Forces across England and Wales are now in better place to support officers and staff going through the menopause, with the launch of force guidance on the matter – a first for policing which shows commitment on a national level to take the menopause, its symptoms and those who suffer from it, more seriously.
The guidance was produced by a working group of strategic stakeholders in policing. They commissioned a survey aimed at officers and staff, the results of which were published earlier this year, the results provided the evidence to establish this much needed guidance for the police service.
Nearly half of respondents (44%) who found their symptoms extremely problematic have considered quitting the force as a result.
A number of respondents said they would be too embarrassed to discuss symptoms with their line manager and believe they would be treated differently in a negative way if they did disclose, as it could be seen as a sign of weakness.
Hayley Aley, a women’s lead for Police Federation of England and Wales, said: “Up until now there has only been anecdotal evidence on just how much the menopause affects officers and staff in the police service. This guidance will make a difference to so many and I sincerely hope this work paves the way for colleagues in the other emergency services to get support.”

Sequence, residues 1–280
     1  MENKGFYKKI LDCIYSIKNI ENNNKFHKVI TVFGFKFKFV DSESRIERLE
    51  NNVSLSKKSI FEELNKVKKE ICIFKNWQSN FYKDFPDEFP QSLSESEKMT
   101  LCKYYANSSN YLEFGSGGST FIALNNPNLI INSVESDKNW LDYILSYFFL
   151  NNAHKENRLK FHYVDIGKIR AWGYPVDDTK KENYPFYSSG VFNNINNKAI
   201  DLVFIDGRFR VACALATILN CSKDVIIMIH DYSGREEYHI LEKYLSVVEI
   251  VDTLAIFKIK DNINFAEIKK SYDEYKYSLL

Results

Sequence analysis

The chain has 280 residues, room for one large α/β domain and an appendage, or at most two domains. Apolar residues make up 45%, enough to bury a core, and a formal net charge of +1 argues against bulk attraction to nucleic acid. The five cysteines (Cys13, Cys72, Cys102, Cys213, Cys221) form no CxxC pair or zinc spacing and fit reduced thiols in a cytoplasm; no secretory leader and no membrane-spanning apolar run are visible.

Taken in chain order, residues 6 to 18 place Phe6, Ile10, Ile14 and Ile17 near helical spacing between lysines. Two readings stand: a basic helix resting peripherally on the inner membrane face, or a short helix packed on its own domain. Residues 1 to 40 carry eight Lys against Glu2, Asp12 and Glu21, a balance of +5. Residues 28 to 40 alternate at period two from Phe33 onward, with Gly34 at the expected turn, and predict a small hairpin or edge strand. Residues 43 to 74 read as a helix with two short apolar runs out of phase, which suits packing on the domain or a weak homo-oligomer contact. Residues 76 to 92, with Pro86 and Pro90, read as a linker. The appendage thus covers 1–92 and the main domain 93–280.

Chief Constable Carl Foulkes, the national lead for Gender at the National Police Chiefs’ Council, said: “I genuinely believe that the launch of this guidance is a huge step forward for policing.
“The demographic of the police workforce across the UK is changing, with an increasing number of female colleagues, and an aging workforce in key frontline roles as well as other roles in our organisations. There are clear health and safety implications for women, their colleagues, and the general public, if we do not support, understand and deal with menopause issues properly.”
The results were shocking, yet not surprising – a vast majority (76%) who had either gone through or were going through the menopause admitted they had found symptoms either moderately or extremely problematic at work, with more than eight out of 10 agreeing tiredness and sleep disturbances were having a detrimental effect.
In England and Wales, around a third of female police officers are aged 45 or over, therefore the menopause presents an important occupational health issue that has the potential to affect thousands of people within the police service and should not be seen as a niche problem.
The National Menopause Guidance which is designed to help support and advise individuals, line managers, senior leaders and occupational health advisors is available to download from www.polfed.org/menopause – links to the national headline findings and force level reports are on the same page.